Have you ever wished for a second chance at a job interview, performance or difficult conversation? Drawing upon her popular TED talk, in Presence: Bringing Your Boldest Self to Your Biggest Challenges, Harvard Business School Professor Amy Cuddy encourages readers to see transformative power in small ‘nudges’ in behaviour, body language and mind-set that can generate a better sense of ‘presence’ in our everyday lives. Marion Koob finds much in the way of useful advice within the book but wonders if its central ideas could have been outlined in a shorter span and wishes for more explicit connection between Cuddy’s claims and related contemporary research.
Presence: Bringing Your Boldest Self to Your Biggest Challenges. Amy Cuddy. Little Brown. 2015.
During her sophomore year of college, Amy Cuddy was the victim of a car crash in which she sustained a traumatic brain injury. Due to the nature of the damage, no one could tell her which brain functions would be affected and for how long, or whether she would even recover at all. Her IQ dropped 30 points. Doctors doubted that she would ever be able to return to her studies. Yet, over the following years, Cuddy completed her undergraduate degree. She has proceeded to pursue an academic career, becoming a Professor at Harvard Business School. Throughout this journey, Cuddy struggled with what is known as ‘impostor syndrome’ – the fear of being exposed as a fraud – even in the face of her numerous accomplishments.
Cuddy recounted her story in a TED Talk in 2012. The video, which has received over 30 million views, made her world famous. Her new book, Presence: Bringing Your Boldest Self to Your Biggest Challenges, covers much of the same content and refers to the talk repeatedly. In it, she links impostor syndrome and her own experience of it to her research as a social psychologist, which has thrown up a truly surprising discovery.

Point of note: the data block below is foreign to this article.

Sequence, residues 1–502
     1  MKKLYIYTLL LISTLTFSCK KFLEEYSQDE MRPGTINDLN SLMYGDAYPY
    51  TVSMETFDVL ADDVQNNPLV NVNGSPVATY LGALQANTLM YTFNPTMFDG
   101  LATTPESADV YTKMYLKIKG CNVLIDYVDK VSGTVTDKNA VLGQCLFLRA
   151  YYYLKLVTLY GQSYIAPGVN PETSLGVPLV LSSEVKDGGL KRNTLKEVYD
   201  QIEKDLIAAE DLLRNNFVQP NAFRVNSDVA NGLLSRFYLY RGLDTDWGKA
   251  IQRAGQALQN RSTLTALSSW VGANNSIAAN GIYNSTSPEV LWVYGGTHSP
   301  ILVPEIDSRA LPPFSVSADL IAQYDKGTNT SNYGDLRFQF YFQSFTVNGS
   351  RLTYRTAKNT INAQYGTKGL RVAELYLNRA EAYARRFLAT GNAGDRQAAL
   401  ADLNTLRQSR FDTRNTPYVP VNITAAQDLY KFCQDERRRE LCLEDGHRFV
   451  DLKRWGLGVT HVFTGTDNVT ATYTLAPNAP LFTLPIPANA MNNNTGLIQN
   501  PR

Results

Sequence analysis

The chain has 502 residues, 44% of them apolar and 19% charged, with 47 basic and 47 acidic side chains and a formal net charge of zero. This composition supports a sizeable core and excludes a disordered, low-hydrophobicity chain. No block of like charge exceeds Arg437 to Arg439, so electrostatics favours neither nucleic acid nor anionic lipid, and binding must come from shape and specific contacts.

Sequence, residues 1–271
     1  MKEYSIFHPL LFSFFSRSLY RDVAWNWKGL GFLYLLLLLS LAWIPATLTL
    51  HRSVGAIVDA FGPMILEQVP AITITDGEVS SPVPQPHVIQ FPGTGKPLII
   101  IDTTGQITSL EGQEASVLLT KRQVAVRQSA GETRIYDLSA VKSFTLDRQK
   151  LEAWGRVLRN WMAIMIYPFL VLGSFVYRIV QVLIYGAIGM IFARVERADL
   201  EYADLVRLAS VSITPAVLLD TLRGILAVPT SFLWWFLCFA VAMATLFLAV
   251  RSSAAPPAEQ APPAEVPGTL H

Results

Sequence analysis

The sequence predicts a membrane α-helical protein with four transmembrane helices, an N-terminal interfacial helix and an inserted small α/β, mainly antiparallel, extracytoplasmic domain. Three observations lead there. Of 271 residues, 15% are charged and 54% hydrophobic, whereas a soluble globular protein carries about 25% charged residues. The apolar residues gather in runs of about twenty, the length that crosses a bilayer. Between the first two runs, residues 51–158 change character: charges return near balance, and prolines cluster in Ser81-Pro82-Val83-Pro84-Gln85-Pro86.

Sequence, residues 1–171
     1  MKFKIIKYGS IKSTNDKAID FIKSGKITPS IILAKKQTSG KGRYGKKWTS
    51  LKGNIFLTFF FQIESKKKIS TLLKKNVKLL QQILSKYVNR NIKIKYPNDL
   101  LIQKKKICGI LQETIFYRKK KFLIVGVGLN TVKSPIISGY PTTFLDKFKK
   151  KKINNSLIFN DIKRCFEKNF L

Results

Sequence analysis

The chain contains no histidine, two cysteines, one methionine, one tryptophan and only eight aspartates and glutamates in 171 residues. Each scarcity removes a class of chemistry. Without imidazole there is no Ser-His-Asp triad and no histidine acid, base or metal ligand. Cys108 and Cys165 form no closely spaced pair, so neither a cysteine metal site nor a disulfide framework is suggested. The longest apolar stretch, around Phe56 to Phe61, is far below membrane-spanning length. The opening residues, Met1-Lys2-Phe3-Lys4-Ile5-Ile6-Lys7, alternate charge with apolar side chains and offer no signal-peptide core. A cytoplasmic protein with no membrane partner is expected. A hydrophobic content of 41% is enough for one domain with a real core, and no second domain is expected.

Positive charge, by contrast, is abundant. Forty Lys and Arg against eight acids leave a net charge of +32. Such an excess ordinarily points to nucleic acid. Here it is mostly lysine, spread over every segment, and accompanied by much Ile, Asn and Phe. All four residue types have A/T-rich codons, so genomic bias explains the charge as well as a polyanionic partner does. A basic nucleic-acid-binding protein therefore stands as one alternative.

It is widely believed that our body language reflects our mood: we might cross our arms when feeling insecure or threatened, for instance, or extend our limbs when feeling comfortable. Cuddy’s studies, however, show that body language can also feedback on our emotions. Holding a power pose for as short a time as two minutes leads us to feel more confident and perform better at certain tasks. Or when forced to smile by holding a pencil between our teeth, we end up feeling happier. The author posits that posturing for success can be a key tool in overcoming impostor syndrome. She advises her readers to use body language to ‘fake it until you become it’ – in other words, behave with confidence until you truly feel it.
Presence is marketed as self-help, but it is not quite that. The volume is in part an extensive overview of studies that demonstrate the body-to-mind feedback loop. Aside from a few short chapters of advice, the rest of the book is psychology theory. Here, Cuddy explores the concept of presence, which she terms as ‘the state of being attuned to and able to comfortably express our true thoughts, feelings, values and potential’ (24). Looking like ‘confidence without arrogance’ (26), presence is all about being in the moment and being at your best. And you can achieve it, Cuddy argues, through the right body language.
Image Credit: (Florent Chretien)
Chapter Nine, ‘How to Pose for Presence’, is where Cuddy provides the most practical advice. Following on from her studies, she argues that we should choose to enter into ‘power poses’ ahead of challenging situations, such as meeting new people, receiving or giving critical feedback or speaking up. People do not respond well when dominant power poses are directed at them, and so taking these into the situation itself can backfire. Instead, the best way to stimulate confidence and a sense of ‘presence’ is to prepare with big poses ahead of the challenge itself.
When presenting, it is best to stand up straight, take a slow, deep breath and keep your chin parallel to the ground – straight, but not so high that it seems like you are looking down on your audience. When you are speaking and standing still, keep your feet to the floor – but it is best to have some deliberate movements. Walking around is stimulating both for oneself and the audience, as long as it has pauses (no frenetic pacing). You may also want to take up what Cuddy terms as ‘temporal’ space – taking your time, speaking slowly and pausing.